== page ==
In the two decades that have passed since Robert Lowell’s death, Robert Lowell’s Shifting Colors is the first critical survey of the poet’s aesthetic efforts to make personal vision and public exhortation cohere and thus combine poetic genres that have been historically discrete.
Rather than consider Lowell primarily as either a religious, political, or autobiographical poet, William Doreski proposes that Lowell’s primary poetic impulse was to shape differing voices into a single entity in which public and private concerns cohere.
This makes him an essential poet for our era, in which the political almost universally seems to have become the personal.
Following the course of Lowell’s poetic development, Professor Doreski argues that the ambiguity of Lowell’s social and religious beliefs, as far as the poems express them, is functional, and that the formal restraints of poems reveal rather than mask the difficulties he found in formulating public and private values.
Rather than attempt to read all of Lowell’s work, Doreski points to specific issues that previous critics have neglected or misunderstood.
In the spirit of the poet himself, Robert Lowell’s Shifting Colors emphasizes the process of Lowell’s writing, its immense flexibility, the role of cultural, societal, and personal stress, and the generative impulse that shaped the poems of one of this century’s major poetic figures.
William Doreski is a poet, critic, and professor of English at Keene State College. More info →
Save 20% ($31.96)
US and Canada only
Permission to reprint
Permission to photocopy or include in a course pack via Copyright Clearance Center
Turner Cassity is like a highly accomplished traditional composer—Camille Saint-Saëns, say, or Richard Strauss—who does not doubt that the music is the score and the score is the music. That is, poetry is verse and verse is poetry.Given that confidence, he is prepared to take on any subject. In the forty years he has been publishing, Mr. Cassity has never once written about nothing.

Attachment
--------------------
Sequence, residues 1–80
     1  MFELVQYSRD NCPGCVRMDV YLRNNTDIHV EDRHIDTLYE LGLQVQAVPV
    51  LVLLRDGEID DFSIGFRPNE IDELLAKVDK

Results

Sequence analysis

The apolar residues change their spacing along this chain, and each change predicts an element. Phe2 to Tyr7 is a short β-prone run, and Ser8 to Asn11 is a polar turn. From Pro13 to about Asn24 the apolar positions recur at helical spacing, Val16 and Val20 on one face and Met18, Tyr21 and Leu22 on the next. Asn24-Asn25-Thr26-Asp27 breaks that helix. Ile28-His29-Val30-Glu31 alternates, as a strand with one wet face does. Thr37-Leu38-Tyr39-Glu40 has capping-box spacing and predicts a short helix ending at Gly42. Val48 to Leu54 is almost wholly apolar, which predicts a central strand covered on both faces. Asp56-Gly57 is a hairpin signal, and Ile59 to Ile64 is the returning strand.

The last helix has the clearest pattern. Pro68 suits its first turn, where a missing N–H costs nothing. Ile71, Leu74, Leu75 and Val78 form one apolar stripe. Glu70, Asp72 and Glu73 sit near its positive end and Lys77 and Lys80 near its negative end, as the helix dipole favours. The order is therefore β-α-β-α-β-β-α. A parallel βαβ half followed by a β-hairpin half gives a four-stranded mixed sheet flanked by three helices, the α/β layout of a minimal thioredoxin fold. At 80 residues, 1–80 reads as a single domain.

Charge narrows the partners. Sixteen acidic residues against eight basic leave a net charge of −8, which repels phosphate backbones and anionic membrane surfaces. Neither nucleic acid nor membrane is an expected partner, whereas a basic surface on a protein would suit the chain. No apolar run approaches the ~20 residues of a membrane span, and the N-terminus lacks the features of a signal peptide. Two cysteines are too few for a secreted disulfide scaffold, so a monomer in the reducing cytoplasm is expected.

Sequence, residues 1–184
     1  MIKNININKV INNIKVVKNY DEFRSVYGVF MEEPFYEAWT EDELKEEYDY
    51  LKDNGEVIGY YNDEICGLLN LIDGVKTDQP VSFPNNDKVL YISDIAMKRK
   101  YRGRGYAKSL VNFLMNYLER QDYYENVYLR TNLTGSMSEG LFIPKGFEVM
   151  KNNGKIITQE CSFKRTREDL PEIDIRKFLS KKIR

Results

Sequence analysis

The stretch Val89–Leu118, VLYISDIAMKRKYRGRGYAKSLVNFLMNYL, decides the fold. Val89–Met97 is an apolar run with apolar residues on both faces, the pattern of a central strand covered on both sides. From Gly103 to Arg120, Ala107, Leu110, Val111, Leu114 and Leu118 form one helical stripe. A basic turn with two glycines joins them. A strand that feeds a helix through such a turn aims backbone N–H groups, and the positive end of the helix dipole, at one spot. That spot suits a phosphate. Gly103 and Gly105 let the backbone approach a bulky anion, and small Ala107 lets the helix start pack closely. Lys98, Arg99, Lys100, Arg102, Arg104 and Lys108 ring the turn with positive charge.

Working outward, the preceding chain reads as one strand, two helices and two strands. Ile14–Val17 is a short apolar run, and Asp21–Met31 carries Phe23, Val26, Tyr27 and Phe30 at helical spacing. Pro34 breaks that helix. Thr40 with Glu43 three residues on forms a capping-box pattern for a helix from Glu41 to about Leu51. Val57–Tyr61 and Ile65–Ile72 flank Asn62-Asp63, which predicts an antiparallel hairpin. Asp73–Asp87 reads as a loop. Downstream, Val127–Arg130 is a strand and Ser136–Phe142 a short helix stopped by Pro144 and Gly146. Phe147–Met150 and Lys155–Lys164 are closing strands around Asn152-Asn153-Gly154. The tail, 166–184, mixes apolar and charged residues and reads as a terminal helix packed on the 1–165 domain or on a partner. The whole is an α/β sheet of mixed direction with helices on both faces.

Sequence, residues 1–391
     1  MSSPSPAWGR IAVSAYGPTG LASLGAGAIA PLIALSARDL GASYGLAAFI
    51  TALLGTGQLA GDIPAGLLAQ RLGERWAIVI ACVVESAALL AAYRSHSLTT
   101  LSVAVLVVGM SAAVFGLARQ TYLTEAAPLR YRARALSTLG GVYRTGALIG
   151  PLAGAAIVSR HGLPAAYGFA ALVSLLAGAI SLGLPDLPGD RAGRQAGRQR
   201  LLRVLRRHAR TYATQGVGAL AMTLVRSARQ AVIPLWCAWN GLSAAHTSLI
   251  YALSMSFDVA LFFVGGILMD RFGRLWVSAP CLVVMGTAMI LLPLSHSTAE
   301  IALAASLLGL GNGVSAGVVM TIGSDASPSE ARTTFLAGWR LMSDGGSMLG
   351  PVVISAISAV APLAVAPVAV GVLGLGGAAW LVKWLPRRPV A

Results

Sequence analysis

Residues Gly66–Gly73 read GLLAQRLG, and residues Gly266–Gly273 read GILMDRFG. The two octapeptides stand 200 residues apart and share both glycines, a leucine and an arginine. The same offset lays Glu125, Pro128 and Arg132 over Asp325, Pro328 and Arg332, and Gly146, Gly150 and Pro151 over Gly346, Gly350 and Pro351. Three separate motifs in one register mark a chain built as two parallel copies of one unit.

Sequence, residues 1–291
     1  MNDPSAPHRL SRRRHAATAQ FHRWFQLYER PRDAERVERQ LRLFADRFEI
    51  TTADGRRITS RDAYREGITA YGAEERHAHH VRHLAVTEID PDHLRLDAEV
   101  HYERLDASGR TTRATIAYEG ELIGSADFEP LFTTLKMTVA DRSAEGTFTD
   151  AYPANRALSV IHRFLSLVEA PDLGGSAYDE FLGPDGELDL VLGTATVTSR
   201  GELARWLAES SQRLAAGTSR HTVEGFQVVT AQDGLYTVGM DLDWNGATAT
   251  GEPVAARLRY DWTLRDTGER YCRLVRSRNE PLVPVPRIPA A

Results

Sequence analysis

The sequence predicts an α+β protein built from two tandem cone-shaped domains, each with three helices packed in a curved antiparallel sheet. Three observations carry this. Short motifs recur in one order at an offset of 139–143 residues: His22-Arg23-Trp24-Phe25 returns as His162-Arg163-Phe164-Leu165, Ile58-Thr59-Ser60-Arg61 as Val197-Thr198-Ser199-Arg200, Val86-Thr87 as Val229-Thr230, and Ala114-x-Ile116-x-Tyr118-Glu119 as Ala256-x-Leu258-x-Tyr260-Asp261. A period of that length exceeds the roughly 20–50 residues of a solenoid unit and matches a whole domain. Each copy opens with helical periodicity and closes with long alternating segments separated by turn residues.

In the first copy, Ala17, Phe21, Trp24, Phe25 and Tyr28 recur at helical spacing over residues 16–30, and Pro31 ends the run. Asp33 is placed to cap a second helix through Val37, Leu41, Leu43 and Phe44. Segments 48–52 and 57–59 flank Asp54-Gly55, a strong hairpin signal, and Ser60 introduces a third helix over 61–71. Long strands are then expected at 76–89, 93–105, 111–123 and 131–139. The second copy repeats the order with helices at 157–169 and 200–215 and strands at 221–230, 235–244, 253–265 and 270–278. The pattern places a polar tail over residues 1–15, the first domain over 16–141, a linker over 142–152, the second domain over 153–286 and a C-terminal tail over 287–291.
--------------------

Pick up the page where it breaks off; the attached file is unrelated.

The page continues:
At a time when poets appear tragically detached from the public for which they write, Kevin Stein persuasively demonstrates in Private Poets, Worldy Acts the way a particular group of diverse poets have manifested their communal concerns. As Choice wrote, “Stein’s graceful text is a primer on the relationship of the (American) poetic to the political.”Looking
To take the mess of life and make meaning from it is what all poets seek to do. For Will Wells, recipient of the thirteenth annual Hollis Summers Poetry Prize, this includes reaching across centuries and continents, into the minds and hearts of disparate individuals—Albert Einstein, Andrea Yates, the traveler from Porlock, Dante, or Holocaust survivors, including his own grandmother—to extract the personal value embedded there for him.By
Sign up to be notified when new Literature titles come out.
We will only use your email address to notify you of new titles in the subject area(s) you follow. We will never share your information with third parties.